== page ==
Resolution time. It's the occasion to institute changes. Or at least resolve to change. It doesn't always work out, does it? The diet gets dropped. The fingernails get bitten. The cigarettes get smoked. The exercise gets blown off. And that's that. Right?
Maybe not. If you've ever had trouble shaking an addiction or behavior that ends up not serving your needs, you might find some hope (and results) in this analysis of addictive behavior, courtesy of Hyrum Smith, founder and creator of the Franklin planning system.
This post isn't about planning or time management. It's about the five-step cycle that drives our behavior.
I know I know, you probably believe this is just a bunch of hokum. (We'll get to beliefs and how they affect behavior in a minute.) But I'm not prescribing anything here. This is just a look at how behavior happens. I think it's empowering.
(These notes are drawn from a Franklin videotape called "Gaining Control." As far as I can tell, it's long out of print. And since then, the Franklin Institute became Franklin-Covey, and Hyrum Smith has gone on to other things. If you find this interesting, there are some links at the bottom of this post to some tape and book resources where you can learn much more on this.)
"The Reality Model"
According to this analysis, there are five steps to human behavior. Here's the breakdown.
1. Human Needs
We each have four basic human needs.
- To live.
- To love and be loved.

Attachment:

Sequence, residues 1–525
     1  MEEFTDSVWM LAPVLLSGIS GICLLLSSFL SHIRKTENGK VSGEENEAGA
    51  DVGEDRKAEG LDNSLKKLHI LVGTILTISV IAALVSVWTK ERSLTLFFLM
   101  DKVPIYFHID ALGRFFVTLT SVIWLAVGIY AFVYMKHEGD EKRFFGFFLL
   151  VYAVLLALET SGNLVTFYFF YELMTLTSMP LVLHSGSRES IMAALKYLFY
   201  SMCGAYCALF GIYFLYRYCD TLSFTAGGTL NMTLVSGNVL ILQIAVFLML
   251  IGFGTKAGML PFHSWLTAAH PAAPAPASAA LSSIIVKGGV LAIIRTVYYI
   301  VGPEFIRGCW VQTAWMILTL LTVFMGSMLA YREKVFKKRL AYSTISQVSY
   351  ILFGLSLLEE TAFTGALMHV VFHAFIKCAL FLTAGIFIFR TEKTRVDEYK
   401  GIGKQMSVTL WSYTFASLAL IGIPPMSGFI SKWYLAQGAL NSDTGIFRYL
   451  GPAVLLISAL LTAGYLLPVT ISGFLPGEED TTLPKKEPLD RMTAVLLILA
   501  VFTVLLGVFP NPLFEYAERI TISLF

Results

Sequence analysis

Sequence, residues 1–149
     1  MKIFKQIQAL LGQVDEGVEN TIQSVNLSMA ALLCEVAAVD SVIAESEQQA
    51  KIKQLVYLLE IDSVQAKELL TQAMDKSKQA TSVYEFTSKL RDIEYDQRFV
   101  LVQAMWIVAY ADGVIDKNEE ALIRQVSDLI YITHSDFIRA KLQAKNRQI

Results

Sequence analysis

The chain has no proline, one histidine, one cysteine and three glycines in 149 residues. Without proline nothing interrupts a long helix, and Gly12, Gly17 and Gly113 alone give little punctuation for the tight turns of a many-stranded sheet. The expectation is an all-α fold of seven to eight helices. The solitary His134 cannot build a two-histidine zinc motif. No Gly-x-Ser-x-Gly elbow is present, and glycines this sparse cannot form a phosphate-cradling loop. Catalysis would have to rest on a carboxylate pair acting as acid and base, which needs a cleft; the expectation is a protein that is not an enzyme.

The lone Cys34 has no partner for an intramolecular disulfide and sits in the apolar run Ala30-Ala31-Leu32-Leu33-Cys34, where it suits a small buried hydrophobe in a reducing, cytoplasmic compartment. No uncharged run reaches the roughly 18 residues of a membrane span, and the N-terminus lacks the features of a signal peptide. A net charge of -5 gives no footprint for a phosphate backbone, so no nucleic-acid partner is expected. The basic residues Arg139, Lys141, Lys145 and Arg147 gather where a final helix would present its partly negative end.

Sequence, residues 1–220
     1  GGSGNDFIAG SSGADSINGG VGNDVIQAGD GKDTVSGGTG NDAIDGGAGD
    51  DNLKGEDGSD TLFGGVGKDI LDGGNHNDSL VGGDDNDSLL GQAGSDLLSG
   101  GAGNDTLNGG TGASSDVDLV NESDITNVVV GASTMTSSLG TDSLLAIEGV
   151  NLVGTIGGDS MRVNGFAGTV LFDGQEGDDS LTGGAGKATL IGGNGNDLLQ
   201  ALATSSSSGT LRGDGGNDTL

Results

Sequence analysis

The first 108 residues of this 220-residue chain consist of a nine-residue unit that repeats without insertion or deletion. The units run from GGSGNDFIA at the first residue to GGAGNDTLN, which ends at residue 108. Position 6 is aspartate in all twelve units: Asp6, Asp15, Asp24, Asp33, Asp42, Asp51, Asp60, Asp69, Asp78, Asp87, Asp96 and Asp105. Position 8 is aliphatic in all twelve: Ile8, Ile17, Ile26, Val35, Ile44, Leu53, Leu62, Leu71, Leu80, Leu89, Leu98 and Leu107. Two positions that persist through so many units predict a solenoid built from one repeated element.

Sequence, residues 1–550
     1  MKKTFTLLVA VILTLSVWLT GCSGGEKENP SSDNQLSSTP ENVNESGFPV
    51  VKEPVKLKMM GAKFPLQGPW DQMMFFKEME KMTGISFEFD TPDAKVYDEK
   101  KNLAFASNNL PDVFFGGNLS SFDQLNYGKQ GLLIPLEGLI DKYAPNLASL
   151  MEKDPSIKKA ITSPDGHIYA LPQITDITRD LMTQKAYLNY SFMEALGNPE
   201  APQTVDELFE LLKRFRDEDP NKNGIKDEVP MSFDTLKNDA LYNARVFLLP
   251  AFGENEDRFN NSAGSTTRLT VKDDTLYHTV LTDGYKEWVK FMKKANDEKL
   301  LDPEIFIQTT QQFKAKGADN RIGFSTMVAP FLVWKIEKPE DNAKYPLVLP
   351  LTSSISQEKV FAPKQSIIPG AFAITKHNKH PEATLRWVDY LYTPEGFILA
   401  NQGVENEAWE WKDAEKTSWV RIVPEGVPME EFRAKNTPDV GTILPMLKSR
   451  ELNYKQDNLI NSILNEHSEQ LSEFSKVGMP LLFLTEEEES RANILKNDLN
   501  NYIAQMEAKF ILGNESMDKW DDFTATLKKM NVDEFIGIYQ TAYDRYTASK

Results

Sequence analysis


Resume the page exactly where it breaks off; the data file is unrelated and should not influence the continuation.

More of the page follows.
- To feel important.
If we are lacking any one or more of these needs, we may end up trying to fill them in.
File this away. We'll get back to it.
2. Belief Window
We all have beliefs, principles, convictions that determine how we interpret the world.
In the tape, Hyrum uses an example, "Men are better than women." Another might be, "My self-worth is dependent upon never losing an argument."
These are "If...then..." statements, using the principles in the Belief Window has the premise.
Following on Hyrum's example: "If I get in an argument, then I must win."
4. Behavior Patterns:
These are the actions that result from the Rules. Thus, in the example case, "I" can never back down in an argument.
Here's the question: Will the results meet my needs over time?
If "I" never back down in an argument, never compromise, never acknowledge someone else's point, then is that making my life better?
Hyrum Smith then makes these interesting points:
1 - If the results of your behavior do not meet your needs, then you have an incorrect principle on your belief window.
Your actions are the results of your principles on your Belief Window.
2 - Results take time to measure.
Sometimes it takes years. Look at smoking. Or heavy drinking.
3 - Growth is the process of changing principles on your belief window.
You can't change the behavior if the principles causing that behavior are not addressed. If you believe, "I can't stick with exercise programs," then you can try starting a workout regimen but you probably won't have much success sticking with it. If you believe, "Older women cannot be attractive," and you feel old, then dressing up will feel like an exercise in despair.
4 - Addictive behavior is the result of deep and unmet needs.